Schmallenberg virus (SBV) is transmitted by insect vectors, and therefore vaccination is one of the most important tools of disease control. In our study, novel subunit vaccines on the basis of an amino-terminal domain of SBV Gc of 234 amino acids (“Gc Amino”) first were tested and selected using a lethal small animal challenge model and then the best performing formulations also were tested in cattle. We could show that neither E. coli expressed nor the reduced form of “Gc Amino” protected from SBV infection. In contrast, both, immunization with “Gc Amino”-encoding DNA plasmids and “Gc-amino” expressed in a mammalian system, conferred protection in up to 66% of the animals. Interestingly, the best performance was achieved with a multivalent antigen containing the covalently linked Gc domains of both, SBV and the related Akabane virus. All vaccinated cattle and mice were fully protected against SBV challenge infection. Furthermore, in the absence of antibodies against the viral N-protein, differentiation between vaccinated and field-infected animals allows an SBV marker vaccination concept. Moreover, the presented vaccine design also could be tested for other members of the Simbu serogroup and might allow the inclusion of additional immunogenic domains.
Synthetic biology uses living cells as molecular foundries for the biosynthesis of drugs, therapeutic proteins, and other commodities. However, the need for specialized equipment and refrigeration for production and distribution poses a challenge for the delivery of these technologies to the field and to low-resource areas. Here, we present a portable platform that provides the means for on-site, on-demand manufacturing of therapeutics and biomolecules. This flexible system is based on reaction pellets composed of freeze-dried, cell-free transcription and translation machinery, which can be easily hydrated and utilized for biosynthesis through the addition of DNA encoding the desired output. We demonstrate this approach with the manufacture and functional validation of antimicrobial peptides and vaccines and present combinatorial methods for the production of antibody conjugates and small molecules. This synthetic biology platform resolves important practical limitations in the production and distribution of therapeutics and molecular tools, both to the developed and developing world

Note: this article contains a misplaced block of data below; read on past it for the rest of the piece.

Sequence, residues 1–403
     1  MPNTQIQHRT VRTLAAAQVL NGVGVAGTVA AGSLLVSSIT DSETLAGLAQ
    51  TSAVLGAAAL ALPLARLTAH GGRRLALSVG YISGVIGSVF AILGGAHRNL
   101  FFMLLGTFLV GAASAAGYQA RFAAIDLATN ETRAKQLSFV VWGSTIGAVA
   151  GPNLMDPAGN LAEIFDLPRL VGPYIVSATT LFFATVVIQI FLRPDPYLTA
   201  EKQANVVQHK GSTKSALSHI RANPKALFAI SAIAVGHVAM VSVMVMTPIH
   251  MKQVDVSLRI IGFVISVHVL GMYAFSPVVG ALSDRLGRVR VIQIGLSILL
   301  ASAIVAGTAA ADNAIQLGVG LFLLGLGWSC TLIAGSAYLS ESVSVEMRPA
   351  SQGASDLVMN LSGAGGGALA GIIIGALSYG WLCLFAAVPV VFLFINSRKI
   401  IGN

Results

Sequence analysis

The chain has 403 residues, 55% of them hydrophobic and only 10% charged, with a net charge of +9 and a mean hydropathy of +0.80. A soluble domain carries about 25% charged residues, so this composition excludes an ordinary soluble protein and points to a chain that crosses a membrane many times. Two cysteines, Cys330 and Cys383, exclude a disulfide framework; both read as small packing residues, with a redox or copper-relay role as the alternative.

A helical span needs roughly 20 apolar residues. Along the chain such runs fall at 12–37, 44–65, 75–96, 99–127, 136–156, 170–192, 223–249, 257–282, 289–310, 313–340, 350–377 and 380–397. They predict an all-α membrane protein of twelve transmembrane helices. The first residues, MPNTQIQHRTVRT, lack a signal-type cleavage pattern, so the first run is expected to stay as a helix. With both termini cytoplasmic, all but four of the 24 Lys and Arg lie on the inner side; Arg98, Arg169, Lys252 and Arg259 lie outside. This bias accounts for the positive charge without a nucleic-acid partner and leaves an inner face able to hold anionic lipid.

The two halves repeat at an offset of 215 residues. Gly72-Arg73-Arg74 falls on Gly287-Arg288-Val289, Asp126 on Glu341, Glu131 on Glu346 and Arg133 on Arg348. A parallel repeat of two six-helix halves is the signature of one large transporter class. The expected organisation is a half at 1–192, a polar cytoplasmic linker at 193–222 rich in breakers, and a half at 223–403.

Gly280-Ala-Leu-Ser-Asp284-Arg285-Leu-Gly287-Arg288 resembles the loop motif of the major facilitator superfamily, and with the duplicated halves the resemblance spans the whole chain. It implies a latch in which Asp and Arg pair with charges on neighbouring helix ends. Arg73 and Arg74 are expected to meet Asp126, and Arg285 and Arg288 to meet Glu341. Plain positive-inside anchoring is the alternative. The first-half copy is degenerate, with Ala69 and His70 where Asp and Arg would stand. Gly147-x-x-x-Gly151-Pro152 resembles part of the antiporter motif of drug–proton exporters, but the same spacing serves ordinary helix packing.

Coronaviruses (CoVs) have a remarkable potential to change tropism. This is particularly illustrated over the last 15 years by the emergence of two zoonotic CoVs, the severe acute respiratory syndrome (SARS)- and Middle East respiratory syndrome (MERS)-CoV. Due to their inherent genetic variability, it is inevitable that new cross-species transmission events of these enveloped, positive-stranded RNA viruses will occur. Research into these medical and veterinary important pathogens—sparked by the SARS and MERS outbreaks—revealed important principles of inter- and intraspecies tropism changes. The primary determinant of CoV tropism is the viral spike (S) entry protein. Trimers of the S glycoproteins on the virion surface accommodate binding to a cell surface receptor and fusion of the viral and cellular membrane. Recently, high-resolution structures of two CoV S proteins have been elucidated by single-particle cryo-electron microscopy. Using this new structural insight, we review the changes in the S protein that relate to changes in virus tropism. Different concepts underlie these tropism changes at the cellular, tissue, and host species level, including the promiscuity or adaptability of S proteins to orthologous receptors, alterations in the proteolytic cleavage activation as well as changes in the S protein metastability. A thorough understanding of the key role of the S protein in CoV entry is critical to further our understanding of virus cross-species transmission and pathogenesis and for development of intervention strategies